Conchoidal Fracturing in Sandstone

August 07, 2023

Mega Conchoidal Fracture 3 set Image

Photographer: Stan Celestian   

Summary Author: Stan Celestian  

While visiting Nevada's Valley of Fire State Park I came across this outcrop on the west side of the park (left photo). The rock is Jurassic age Aztec Sandstone. It’s an aeolian deposit that once represented an extensive dune field, existing across present day California, Nevada and Arizona and parts of Utah and New Mexico. This area was similar to today's Sahara Desert but 180 million years ago.

After its formation this area of sandstone experienced an uplift with accompanied stresses and faulting. The fracturing of the sandstone was rapid, almost explosive and the energy stored in the rock was suddenly released. In this case it produced a massive conchoidal fracture pattern as seen in the middle photo. The right-most photo shows a telephoto view. Clearly visible are the radiating waves of the fracture created by the tensional release of the compressional forces within the sandstone.

A closer inspection of the image shows the cross bedding of this dune deposit. These more or less horizonal lines were formed as the dune was forming by the movement of the sand grains falling into position on the face of the dune. This view is like a slice through a "petrified" dune that allows a look at its internal structure. However, the major point here is that sandstone doesn’t normally display conchoidal fracturing, especially one so dominated by cross bedding structures.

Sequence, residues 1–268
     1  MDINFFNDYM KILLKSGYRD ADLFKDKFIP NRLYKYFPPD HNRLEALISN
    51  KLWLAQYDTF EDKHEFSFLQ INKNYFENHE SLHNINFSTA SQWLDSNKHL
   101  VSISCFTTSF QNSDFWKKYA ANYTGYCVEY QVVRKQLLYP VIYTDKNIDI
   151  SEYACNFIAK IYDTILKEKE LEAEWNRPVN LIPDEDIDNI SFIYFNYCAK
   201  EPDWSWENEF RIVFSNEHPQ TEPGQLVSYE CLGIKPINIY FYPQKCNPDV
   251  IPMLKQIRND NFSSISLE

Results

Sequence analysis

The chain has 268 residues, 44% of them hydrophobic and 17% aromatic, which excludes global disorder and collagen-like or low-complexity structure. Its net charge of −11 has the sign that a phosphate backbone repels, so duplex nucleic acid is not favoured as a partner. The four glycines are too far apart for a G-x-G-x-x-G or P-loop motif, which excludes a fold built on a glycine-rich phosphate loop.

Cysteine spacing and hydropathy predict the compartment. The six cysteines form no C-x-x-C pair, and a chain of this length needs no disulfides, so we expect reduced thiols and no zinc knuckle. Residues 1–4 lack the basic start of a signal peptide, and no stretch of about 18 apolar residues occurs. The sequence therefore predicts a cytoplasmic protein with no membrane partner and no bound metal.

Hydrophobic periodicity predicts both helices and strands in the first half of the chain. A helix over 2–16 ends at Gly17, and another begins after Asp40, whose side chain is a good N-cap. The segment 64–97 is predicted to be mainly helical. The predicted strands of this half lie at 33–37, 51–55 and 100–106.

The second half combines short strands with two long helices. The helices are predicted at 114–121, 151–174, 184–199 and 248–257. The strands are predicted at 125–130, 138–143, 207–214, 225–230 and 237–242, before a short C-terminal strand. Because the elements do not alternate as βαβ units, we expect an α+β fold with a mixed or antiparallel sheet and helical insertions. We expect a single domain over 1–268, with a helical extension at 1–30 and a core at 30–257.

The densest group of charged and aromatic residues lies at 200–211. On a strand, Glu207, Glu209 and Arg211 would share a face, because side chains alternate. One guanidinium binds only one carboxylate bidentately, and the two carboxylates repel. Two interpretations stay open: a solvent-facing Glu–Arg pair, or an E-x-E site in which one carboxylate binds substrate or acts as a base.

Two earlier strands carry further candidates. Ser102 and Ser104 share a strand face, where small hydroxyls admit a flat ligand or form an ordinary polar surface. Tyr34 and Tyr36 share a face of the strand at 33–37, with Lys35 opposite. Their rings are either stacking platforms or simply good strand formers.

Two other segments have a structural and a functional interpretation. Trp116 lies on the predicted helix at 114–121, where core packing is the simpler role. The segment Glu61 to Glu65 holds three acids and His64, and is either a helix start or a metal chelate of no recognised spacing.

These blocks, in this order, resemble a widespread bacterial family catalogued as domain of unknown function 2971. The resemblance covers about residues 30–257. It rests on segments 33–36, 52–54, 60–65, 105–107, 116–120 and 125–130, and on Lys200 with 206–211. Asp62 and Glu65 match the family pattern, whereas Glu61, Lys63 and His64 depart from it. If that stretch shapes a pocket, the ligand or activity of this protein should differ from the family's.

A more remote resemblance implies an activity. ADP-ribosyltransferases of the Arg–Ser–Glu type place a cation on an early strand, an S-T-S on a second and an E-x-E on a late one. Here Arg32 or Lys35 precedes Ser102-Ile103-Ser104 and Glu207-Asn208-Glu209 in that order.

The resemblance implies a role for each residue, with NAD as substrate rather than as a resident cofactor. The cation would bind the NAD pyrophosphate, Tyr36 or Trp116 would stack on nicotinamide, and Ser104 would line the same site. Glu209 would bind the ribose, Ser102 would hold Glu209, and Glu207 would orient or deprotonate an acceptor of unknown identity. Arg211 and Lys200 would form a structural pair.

This conchoidal fracture then represents a very large force exerted over a thick portion of the Aztec Sandstone. Thick enough that the cross bedding was irrelevant to the movement of the force producing the shock wave. Additionally, the shock wave was imposed quickly, not by an impact, but rather by the sudden release of pressure as along a fault line during an earthquake. Photos taken on May 5, 2023.

Valley of Fire State Park, Nevada Coordinates: 36.4757, 114.5384

Related Links:

Conchoidal Fracture

Stan’s Geology Website

Higher Resolution images